Larissa McGowan (and company) @ AC Arts Main Theatre
7:00pm, Thu 28 Feb 2013
At the launch event for the 2014 Adelaide Festival (which, at the time I type this, was just over two weeks ago), I bumped into a new friend from this year’s Festival; she mentioned that she’d been reading this blog every day (thanks!), but asked why I hadn’t kept writing.
The answer (which I never got around to telling her at the time) is, quite simply, “Skeleton.” This show.
Because there’s no way I can possibly convey what I felt during and after this show; there’s no way I can describe how it affected me. My word-writing skills, they ain’t that good… and yet, I want to try. I really want to impress upon the reader how totally fucking amazing this performance was: how gobsmacked it left me, how much I wanted to rave about it to anyone who would listen, and… well…
…see? I feel utterly incapable of writing about its impact on me. But what I can write about is what I expected… and what I saw.
Anyone who has engaged in conversation with me about the Australian Dance Theatre over the last couple of years has instantly regretted it; my (increasingly irrational) disappointment in their output manifests itself as a boorish outspokenness. But one positive constant throughout recent ADT performances has been the presence of Larissa McGowan; far from the ever-so-slight stereotypical dancer, her Amazonian physique exudes strength – whilst her movements still revel in grace and finesse. So when Skeleton was announced as her first independent work, I was anxious to see what she would conjure up outside of the technological constraints of the ADT.
So I was initially a little nonplussed when the piece opened with a series of person-sized screens (like mobile office partitions) steadily crossing the performance space, constant velocity their only virtue. But then the screens started leaving behind dancers: clad in simple grey garb, they’d sneak onstage under the cover of the screens, hold a pose or commit to a small movement, before disappearing from the stage behind another screen.
The effect is… well, magical. The understated nature of the movements – both human and mechanical – assures me that this is no ADT-style technological tour de farce.
And then Objects start appearing, their pure-white presence a stark contrast to the inky blackness of the space and the grey-and-tan of the performers. A shoe appears from behind a screen; a skateboard rolls into the dancers’ interactions. A bike becomes a focal point. The threatening presence of baseball bat matches the unsettling soundtrack of samples from movies; the audio verges on the discordant throughout, with the end result being an edgy undercurrent of violence.
Whilst the movements of the dancers spans the range from ballet to pop’n’lock, Skeleton also has a couple “gimmicks”. The aforementioned screens frame the performance, and even when they’re static – most notably during the kicking sequence – their presence still defines the space, providing a contrast to the engagement of the dancers. But the most startling gimmicks are the Objects: their pure white appearance gives the impression that they are made of plaster… an impression that is validated when they eventually shatter.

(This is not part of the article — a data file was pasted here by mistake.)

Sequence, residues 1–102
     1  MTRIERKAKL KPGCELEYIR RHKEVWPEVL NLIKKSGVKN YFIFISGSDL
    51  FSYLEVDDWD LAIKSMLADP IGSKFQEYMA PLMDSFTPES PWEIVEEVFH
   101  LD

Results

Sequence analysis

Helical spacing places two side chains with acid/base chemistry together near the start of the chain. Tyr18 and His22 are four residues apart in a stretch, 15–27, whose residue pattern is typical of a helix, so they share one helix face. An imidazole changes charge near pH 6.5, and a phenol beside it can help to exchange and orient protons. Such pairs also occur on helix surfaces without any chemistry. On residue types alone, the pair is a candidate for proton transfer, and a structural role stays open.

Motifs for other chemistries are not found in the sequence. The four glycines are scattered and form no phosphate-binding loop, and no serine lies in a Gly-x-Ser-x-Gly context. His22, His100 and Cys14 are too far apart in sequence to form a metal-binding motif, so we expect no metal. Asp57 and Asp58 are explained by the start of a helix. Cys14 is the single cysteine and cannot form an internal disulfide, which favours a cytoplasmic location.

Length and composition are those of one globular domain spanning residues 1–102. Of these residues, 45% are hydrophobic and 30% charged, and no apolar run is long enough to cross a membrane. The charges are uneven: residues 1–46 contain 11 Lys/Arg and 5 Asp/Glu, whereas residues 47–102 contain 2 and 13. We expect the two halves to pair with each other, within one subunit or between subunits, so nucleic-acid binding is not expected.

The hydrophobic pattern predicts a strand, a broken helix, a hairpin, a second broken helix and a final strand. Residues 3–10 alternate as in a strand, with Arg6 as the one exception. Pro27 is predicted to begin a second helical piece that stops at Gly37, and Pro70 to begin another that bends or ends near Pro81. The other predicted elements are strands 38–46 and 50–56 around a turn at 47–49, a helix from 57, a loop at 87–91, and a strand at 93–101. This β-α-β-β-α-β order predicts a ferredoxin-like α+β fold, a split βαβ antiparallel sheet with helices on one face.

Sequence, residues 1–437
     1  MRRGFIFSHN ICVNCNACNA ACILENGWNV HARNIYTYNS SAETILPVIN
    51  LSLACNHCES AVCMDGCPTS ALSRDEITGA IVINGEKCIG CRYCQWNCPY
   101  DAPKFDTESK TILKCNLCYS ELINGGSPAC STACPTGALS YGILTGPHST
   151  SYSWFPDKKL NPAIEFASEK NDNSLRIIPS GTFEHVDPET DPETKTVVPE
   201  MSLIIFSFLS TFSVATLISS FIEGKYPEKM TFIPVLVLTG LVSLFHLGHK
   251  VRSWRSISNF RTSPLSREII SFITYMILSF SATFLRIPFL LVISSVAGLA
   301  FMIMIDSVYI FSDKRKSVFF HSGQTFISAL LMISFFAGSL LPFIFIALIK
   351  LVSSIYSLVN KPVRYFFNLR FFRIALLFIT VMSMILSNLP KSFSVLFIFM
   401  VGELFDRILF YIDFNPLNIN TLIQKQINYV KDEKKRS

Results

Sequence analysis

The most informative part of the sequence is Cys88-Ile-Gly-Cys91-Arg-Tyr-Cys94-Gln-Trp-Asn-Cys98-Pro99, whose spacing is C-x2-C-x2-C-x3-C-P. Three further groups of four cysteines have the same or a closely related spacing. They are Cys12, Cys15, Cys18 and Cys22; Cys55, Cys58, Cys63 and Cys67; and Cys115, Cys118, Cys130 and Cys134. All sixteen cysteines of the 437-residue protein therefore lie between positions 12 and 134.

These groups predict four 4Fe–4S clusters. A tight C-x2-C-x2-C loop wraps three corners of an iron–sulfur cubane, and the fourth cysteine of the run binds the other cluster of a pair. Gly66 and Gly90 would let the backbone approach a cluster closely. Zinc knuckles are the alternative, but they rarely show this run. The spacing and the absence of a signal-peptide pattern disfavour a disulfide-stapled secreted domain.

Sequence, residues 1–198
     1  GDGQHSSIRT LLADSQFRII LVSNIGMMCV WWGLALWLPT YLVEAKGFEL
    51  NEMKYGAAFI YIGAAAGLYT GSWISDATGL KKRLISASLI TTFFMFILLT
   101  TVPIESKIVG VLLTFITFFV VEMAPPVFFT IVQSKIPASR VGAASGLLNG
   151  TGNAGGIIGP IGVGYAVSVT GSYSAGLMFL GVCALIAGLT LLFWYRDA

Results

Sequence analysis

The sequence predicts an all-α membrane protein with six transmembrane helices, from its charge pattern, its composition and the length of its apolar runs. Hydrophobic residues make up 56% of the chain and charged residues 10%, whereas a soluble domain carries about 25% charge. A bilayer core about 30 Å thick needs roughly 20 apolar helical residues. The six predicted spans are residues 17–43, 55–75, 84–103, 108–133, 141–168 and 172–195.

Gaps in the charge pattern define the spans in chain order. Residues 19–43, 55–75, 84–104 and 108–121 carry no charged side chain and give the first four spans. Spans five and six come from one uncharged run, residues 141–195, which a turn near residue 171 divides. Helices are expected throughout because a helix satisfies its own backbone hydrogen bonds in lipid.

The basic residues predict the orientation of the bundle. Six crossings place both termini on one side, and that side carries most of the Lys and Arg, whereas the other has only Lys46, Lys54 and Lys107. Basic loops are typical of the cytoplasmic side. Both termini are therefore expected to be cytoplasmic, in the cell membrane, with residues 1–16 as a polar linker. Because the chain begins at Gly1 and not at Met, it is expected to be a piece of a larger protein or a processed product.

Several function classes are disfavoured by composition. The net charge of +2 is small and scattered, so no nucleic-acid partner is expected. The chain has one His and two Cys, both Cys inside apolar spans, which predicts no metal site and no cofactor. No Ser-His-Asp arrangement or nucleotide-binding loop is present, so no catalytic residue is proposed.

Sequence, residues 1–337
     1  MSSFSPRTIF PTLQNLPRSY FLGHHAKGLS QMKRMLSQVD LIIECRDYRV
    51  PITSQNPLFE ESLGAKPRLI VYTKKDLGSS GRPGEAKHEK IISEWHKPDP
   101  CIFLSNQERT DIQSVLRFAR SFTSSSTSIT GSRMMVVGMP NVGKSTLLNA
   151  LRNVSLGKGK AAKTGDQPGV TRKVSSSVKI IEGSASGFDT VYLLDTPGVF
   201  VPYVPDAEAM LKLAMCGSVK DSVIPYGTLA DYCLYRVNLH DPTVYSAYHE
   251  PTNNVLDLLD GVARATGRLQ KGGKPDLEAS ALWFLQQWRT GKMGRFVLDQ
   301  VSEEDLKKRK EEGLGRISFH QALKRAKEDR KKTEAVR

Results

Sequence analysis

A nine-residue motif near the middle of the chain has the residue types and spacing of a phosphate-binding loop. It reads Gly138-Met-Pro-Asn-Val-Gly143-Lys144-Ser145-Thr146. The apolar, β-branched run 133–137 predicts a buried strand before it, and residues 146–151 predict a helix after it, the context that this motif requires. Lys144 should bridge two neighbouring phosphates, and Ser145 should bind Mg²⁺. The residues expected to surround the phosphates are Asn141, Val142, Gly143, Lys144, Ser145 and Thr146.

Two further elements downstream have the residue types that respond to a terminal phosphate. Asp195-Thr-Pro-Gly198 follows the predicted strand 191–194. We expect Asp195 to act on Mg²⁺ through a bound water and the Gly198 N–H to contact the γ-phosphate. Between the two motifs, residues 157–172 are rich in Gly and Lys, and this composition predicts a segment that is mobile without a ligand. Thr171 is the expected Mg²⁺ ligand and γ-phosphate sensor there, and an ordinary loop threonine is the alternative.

And those moments – those shattering moments – are real technical standouts. Whether it’s a skateboard snapping in two, or a t-shirt on a dancer in motion, every breakage seems perfectly timed. I honestly have no idea how some of those moments were controlled; in particular, after tensions simmered within a protracted atmosphere of violence, the dancers stop mid-move, and turn in unison to look at a bicyle at the back of the stage… they hold the pose for a perfectly weighted beat, and the bike snaps in two. Retrospectively, it seems like a bizarre series of events, but it triggered something in my mind that has been haunting me ever since.
But even without the gimmicks, Skeleton was still utterly compelling. The physicality of McGowan’s troupe brings a real sense of power to the stage, engaging me on a visceral level; the fact that the soundtrack of the performance was unnervingly discordant, and that the gimmicks were so stunningly effective, was super-delicious icing on an already glorious cake.
As with the Ennio Morricone event last year, at the end of the performance I was suddenly up on my feet, clapping and wooting as loudly as I could. It’s only the second time ever that I’ve (intentionally) given any performance a standing ovation, but – once again – I found it absolutely inconceivable that I could not be on my feet. Skeleton was a contemporary dance masterpiece that engaged me more than any other performance in the last half-a-decade… and, what’s more, it encouraged me to believe that there is a viable intersection between dance and technology.
— Pete Muller (@festivalfreakAU) February 28, 2013